“I sleep. Only. There’s nothing else to do. When I use the internet, there’s news. I watch TV or listen to the radio, and I hear news. I walk on the street, and all I hear is politics. There is no escape from this stress, no way to relax but to sleep.”
Ahmed Abu Foul‘s daughter Hola is 6 months old now. Married just one week before the Israeli massacre of Gaza erupted, Ahmed’s honeymoon was 23 days of hell in his dual positions of medic with the Red Crescent and with the Civil Defense, along with the hell of being separated from family.
Although only 27, Ahmed’s stories are too many to recount.
He re-visits some of them, which I marveled over before:
-The time he went to retrieve a martyr near a cemetery in Beit Lahiya. Israeli machine gun fire erupts at him and Ahmed is trapped, lying on the road, breaking for it and zig-zagging his way back to the ambulance.
-When they went to the site of a bombing in Sheik Radwan, north of Gaza City.
“There had been a drone strike on a house, they said there were injured.
I was looking to see if anyone injured. I was next to a 5 story house, in the alley, when an F-16 hit the house next to me. It fell in the other direction, but the rubble fell on me.
I wasn’t badly injured, somehow, but my hair stood on end and I lost my hearing for 4 or 5 days,” Ahmed tells with a grin.
But his most troubling recent injury is that inflicted as he attempted to evacuate a martyr from a Jabaliya apartment.
“The Israelis had fired numerous missiles on Hamouda tower, a 5 story building in Jabaliya district. When we got there, we were told there was a martyr on 5th floor. I was the first to enter, everyone else was afraid. I found the body and Dr Issa Salah came up to help.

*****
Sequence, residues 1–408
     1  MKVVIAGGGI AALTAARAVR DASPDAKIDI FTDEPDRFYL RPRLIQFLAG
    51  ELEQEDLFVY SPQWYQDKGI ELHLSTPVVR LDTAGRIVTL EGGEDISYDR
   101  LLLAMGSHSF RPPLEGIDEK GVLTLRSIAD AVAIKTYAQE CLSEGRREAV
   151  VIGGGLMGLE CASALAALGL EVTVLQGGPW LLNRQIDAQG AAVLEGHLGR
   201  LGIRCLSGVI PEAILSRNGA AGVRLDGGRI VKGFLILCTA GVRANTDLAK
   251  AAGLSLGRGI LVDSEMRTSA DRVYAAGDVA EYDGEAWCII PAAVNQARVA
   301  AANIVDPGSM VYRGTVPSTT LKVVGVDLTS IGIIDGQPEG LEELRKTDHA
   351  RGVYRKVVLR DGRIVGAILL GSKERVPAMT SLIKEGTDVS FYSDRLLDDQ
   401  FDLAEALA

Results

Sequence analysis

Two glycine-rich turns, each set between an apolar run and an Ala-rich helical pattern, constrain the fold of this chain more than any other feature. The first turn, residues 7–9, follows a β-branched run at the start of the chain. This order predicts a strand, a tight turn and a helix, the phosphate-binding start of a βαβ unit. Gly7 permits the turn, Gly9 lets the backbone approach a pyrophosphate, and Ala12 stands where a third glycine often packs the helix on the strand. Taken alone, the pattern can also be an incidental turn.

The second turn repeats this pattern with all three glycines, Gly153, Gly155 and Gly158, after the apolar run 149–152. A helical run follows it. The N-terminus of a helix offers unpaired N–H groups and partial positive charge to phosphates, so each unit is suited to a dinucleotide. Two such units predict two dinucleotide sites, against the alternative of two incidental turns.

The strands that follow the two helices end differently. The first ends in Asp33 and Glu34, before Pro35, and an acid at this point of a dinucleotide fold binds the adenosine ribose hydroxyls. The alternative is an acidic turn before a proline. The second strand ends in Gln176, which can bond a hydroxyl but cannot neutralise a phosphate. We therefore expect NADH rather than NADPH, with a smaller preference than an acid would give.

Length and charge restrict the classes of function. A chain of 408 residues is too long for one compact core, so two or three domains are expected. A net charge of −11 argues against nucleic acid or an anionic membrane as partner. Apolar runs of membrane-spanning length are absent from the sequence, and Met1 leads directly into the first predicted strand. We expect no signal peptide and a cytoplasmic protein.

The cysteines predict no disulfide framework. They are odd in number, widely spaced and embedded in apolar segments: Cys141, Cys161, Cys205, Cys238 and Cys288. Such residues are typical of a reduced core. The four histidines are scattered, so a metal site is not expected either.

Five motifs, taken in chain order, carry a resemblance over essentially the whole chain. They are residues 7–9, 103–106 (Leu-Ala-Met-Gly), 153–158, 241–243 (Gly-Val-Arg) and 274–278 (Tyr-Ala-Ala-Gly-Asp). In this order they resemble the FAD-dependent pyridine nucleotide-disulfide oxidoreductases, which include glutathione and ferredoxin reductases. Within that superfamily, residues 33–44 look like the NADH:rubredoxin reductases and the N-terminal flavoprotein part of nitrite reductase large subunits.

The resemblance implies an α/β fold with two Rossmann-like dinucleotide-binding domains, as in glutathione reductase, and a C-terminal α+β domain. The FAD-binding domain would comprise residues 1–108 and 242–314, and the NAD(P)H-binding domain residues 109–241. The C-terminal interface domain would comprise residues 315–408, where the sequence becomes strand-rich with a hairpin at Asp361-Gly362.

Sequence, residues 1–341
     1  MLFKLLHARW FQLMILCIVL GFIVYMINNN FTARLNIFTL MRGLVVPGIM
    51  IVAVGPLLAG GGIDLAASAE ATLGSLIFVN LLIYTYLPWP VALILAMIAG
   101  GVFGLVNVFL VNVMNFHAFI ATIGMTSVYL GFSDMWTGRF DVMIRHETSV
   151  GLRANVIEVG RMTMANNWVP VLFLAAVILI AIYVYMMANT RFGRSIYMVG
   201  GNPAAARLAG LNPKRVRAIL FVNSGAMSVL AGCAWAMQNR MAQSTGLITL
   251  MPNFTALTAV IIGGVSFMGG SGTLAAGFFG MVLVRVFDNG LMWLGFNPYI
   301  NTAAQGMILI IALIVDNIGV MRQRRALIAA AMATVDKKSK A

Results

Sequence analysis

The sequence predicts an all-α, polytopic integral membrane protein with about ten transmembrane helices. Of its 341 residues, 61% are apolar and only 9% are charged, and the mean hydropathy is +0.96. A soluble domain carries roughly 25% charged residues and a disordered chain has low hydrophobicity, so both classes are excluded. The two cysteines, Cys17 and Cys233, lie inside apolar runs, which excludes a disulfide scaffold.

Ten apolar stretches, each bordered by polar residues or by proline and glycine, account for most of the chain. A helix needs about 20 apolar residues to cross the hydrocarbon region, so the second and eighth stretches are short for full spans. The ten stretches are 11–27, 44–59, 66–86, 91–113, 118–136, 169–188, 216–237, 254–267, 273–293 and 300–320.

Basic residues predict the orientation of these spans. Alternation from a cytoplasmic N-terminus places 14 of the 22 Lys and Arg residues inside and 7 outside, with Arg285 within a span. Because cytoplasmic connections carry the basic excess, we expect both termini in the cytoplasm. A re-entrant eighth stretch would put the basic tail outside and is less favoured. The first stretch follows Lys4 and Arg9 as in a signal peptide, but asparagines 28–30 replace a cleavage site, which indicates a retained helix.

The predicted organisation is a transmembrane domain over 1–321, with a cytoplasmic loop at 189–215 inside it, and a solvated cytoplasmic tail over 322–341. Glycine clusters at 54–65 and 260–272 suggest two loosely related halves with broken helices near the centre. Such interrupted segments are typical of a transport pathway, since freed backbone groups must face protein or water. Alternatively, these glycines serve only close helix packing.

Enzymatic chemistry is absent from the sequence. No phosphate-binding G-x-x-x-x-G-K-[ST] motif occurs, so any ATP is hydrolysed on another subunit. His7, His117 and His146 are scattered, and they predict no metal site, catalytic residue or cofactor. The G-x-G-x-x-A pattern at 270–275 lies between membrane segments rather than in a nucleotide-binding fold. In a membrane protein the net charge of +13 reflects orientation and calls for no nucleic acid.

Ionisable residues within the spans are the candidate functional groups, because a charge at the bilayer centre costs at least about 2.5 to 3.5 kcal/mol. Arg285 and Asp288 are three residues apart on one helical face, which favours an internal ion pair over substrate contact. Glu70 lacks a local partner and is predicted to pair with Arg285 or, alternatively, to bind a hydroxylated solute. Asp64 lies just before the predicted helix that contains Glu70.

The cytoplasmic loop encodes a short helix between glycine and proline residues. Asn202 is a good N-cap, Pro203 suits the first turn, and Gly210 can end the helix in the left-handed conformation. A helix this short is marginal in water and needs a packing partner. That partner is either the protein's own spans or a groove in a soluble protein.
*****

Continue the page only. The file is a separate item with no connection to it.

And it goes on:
We were carrying the corpse down the stairs when the Israelis fired on us. The bomb blast decapitated Dr. Issa. His head hit me in the back of my head . I thought I’d been hit by shrapnel or something. Now I’ve got shrapnel in my head, but its bone shrapnel, from Dr. Issa. And shrapnel in leg from the bomb blast.
In a society where nearly everyone suffers from the continuous Israeli attacks, invasions, and wars, venting is not easy, and going to a psychologist is not the norm.
“After the war, I became extremely, extremely nervous. I was agitated and got angry easily. Sometimes if someone was making noise or annoying me I’d want to hit them,” he says, still smiling his open smile.
“I was never rested. When I’d wake, I’d still feel like I hadn’t slept.
Until today, I still have nightmares from the war.
I went to a doctor. Every 2 days I saw her. If I hadn’t gone I would have been completely destroyed long ago.
We talked about my feelings. I just talked and talked, no medicine, just talking. By the end she said I was fine.
Some people are afraid to go to a therapist. Others might say they are crazy. But I know I wasn’t crazy, I just needed to talk, needed to fix my psychological state.”
And like the others, Ahmed longs for a reprieve, even for a week.
“If I could just leave Gaza for one week, breathe a different air, all my psychological problems and stress would go. Even if I just went to Cairo.”
see my earlier: Rescuers Targeted, One Year On
Series of Personal Testimonies, Reveal How One Year after Operation Cast Lead, Life in Gaza is Not Back to Normal Day 17: Rescuing the Rescuers, Hamouda Towers, Jabalia, North Gaza
Targeted Civilians: A PCHR Report on the Israeli Military Offensive against the Gaza Strip (27 December 2008 – 18 January 2009)’ Destruction of Medical Facilities and Transports pp 92-98
MAP Statement 20 January 2010